CONTRIBUTOR

If China Stays On Track, The BRICS Countries Will Overtake The G7 By 2035

As the latest BRICS summit approaches, the group's economic future looks bright.

08/31/2017 10:32 am ET
Danish Siddiqui / Reuters
Over 15 years ago, I made big predictions about the prospects of these nations. I stand by those today.

LONDON ― With another summit of the BRICS nations around the corner, my email inbox is inundated with the usual questions about the status quo of Brazil, Russia, India, China and South Africa. (I coined the acronym “BRIC” in 2001 when I was with Goldman Sachs.) This year, the curiosity about the fate of this five-country association of emerging economies seems to be more frequent than before.

To answer the question of the relevance of BRICS objectively, you have to separate the economics from the politics. If you keep them together — as the fact that the BRICS leaders are meeting every year and and have their own ministries meeting throughout the year tells you — of course the group lives on. It even thrives.

I should note that I never believed it was sensible for the group to include South Africa, the capital “S” in “BRICS” that was later added. It is a country of less than 60 million, it doesn’t have great demographics and there at least five other countries, maybe as many as a dozen, that might have a stronger claim from an economic perspective. As I have often said, China creates another South African economy close to every four months. Despite these reservations, South Africa does play a useful role in the BRICS group due to its well-trained civil servants.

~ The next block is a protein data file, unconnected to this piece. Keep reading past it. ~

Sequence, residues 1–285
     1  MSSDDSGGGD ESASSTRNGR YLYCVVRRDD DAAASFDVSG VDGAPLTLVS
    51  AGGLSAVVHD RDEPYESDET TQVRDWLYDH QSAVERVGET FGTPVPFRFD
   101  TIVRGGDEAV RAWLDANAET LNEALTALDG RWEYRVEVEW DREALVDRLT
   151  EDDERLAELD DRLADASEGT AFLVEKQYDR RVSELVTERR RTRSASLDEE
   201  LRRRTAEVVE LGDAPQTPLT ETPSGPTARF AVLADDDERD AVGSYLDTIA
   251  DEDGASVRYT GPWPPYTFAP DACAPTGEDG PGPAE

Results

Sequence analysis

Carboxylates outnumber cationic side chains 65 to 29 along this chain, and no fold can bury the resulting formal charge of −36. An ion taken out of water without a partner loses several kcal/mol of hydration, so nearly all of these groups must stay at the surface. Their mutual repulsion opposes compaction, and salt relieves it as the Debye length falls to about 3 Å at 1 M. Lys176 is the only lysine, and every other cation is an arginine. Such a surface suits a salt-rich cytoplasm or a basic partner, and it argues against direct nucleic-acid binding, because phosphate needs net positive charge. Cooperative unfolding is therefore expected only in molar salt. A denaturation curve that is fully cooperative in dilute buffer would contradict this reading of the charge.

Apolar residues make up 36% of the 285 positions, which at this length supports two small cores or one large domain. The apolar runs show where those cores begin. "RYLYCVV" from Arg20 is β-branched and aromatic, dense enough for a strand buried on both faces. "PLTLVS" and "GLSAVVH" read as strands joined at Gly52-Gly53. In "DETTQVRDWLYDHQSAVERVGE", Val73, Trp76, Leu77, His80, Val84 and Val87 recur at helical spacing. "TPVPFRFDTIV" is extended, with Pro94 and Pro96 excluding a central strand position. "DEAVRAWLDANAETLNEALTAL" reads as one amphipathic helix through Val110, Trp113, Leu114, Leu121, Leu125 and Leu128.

Of course the BRICS group lives on. It even thrives.

Of all the criticism of the BRICS group I often read, the most valid argument is that it is dominated by China. China is the only one of the four that has truly lived up to my expectations over the past nearly 16 years. In fact, China’s economic success happened sooner than I expected. So far this decade, it has grown slightly more than I assumed it would, despite a slowing growth rate. It is worth emphasizing that back when the group first came about, I predicted that, together, Brazil, Russia, India and China would become bigger economically than the G7 by around 2035, with China bigger than the United States by 2027. I assumed China would grow by 7.5 percent this decade, and then slow further in the decade that followed. So far this decade, China has grown by just over 7.5 percent.

Of course, China has done so well that its economy is now bigger than Brazil, Russia, India and South Africa combined, and in the not too distant future, it could become twice as big. So there are no two ways about it: China economically dominates the BRICS.

But China is starting to dominate a lot of things economically. One of the most fascinating things I observed last year is that by the end of 2016, China had become Germany’s largest trade partner if you combine total exports and imports. And according to the International Monetary Fund, China is already the leading source of imports for at least 70 countries, more than one-third of the world. 

China's economy is now bigger than Brazil, Russia, India and South Africa combined, and in the not too distant future, it could become twice as big.